‘If Christ has not been raised, then our preaching is in vain and your faith is in vain’, declared Paul (I Cor. 15.14). For him and for earliest Christianity as we know it, God’s raising of Christ was the foundation for faith in Christ, and thus the foundation of the church of Christ as well. And it is in fact true that the Christian faith stands or falls with Christ’s resurrection. At this point faith in God and the acknowledgment of Christ coincide. Faith in the God ‘who raised Christ from the dead’ and the confession that ‘Jesus Christ is the Lord’ are mutually interpretative. In chapters III and IV we tried to discover what the confession of Christ means. We shall now turn to the faith in God which provides the foundation for that confession. We shall first of all ask the historical question: what does the original Christian belief in the resurrection say, and what does it not say? We shall go on to ask a theological question: how can belief in the resurrection be understood in the conditions and cognitive forms of modern times? And we shall finally put an ethical question, asking how faith in the resurrection can be convincingly maintained today: what are its consequences?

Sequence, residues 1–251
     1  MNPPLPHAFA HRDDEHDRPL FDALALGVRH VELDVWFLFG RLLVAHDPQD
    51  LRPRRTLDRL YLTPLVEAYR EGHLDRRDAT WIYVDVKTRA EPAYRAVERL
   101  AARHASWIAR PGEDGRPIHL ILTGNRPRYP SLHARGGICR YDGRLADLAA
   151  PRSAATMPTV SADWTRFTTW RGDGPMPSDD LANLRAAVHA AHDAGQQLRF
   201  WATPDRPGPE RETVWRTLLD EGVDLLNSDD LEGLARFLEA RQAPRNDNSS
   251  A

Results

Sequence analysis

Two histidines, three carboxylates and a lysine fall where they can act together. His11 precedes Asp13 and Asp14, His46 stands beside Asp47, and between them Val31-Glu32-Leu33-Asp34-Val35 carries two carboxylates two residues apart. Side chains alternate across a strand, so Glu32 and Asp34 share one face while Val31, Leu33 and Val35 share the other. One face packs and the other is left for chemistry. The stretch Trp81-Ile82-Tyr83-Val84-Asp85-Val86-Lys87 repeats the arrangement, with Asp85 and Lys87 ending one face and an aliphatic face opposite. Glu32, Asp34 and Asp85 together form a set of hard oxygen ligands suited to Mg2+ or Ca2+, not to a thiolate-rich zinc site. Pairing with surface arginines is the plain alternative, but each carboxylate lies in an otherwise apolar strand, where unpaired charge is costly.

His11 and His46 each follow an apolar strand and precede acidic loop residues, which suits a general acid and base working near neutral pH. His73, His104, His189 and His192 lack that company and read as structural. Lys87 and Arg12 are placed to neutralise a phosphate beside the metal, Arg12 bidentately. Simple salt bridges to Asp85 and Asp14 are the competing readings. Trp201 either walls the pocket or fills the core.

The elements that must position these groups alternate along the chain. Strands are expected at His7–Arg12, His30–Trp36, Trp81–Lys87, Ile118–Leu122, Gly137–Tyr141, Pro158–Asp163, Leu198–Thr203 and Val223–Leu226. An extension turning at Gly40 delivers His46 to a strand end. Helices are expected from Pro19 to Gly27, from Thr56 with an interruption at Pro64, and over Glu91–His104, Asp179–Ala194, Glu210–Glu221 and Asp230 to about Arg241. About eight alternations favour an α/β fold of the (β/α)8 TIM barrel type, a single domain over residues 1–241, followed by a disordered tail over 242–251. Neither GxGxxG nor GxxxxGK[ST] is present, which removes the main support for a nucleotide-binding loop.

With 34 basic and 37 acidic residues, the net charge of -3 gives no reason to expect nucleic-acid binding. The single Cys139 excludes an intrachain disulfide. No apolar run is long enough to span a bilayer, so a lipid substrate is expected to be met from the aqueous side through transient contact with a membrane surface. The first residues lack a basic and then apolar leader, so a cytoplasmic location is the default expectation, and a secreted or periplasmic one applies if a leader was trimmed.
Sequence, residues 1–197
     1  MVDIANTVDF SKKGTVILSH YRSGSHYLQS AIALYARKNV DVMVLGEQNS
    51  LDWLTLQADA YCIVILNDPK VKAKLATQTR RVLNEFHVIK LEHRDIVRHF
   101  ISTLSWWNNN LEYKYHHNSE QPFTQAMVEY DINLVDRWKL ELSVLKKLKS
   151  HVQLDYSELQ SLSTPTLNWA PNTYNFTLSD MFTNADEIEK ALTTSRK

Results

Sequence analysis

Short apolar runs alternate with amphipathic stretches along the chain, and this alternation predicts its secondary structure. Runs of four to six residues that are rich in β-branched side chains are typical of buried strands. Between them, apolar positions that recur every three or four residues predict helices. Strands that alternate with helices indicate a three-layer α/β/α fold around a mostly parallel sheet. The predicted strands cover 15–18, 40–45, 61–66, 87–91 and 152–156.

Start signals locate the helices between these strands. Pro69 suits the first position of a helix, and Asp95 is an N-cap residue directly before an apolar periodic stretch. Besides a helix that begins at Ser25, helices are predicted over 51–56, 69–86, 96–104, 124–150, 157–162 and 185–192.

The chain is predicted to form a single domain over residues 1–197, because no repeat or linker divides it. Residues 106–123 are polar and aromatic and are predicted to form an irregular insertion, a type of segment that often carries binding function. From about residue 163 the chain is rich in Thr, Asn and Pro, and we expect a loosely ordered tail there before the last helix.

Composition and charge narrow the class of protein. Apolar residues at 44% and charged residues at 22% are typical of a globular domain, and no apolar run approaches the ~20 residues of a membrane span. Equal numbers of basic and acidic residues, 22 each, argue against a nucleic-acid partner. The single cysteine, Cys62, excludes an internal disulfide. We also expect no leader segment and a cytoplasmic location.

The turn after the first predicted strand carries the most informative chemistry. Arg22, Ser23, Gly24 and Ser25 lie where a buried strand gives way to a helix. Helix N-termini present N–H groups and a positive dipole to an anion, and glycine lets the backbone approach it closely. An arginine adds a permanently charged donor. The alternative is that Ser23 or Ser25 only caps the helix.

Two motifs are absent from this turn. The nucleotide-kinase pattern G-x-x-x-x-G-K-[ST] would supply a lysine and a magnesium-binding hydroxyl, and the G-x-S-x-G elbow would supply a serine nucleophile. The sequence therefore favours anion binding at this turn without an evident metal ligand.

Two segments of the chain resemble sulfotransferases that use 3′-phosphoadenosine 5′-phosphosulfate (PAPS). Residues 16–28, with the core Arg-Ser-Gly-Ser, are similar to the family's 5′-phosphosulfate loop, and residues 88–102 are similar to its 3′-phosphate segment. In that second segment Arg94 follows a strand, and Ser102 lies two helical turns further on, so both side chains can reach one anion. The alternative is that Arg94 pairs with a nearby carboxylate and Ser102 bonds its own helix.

The event which is called ‘raising’ or ‘resurrection’ is an event that happened to the Christ who died on the cross on Golgotha. Where he himself is concerned, the cross and the resurrection are mutually related, and they have to be interpreted in such a way that the one event appears in the light of the other.1 The cross of Christ is the cross of the Lord who was raised by God and exalted to God. It is only in this correlation that the cross acquires its special saving meaning. The raising by God was experienced by the Christ who ‘was crucified, dead and buried’. It is only in this interrelation that the raising acquires its special saving meaning.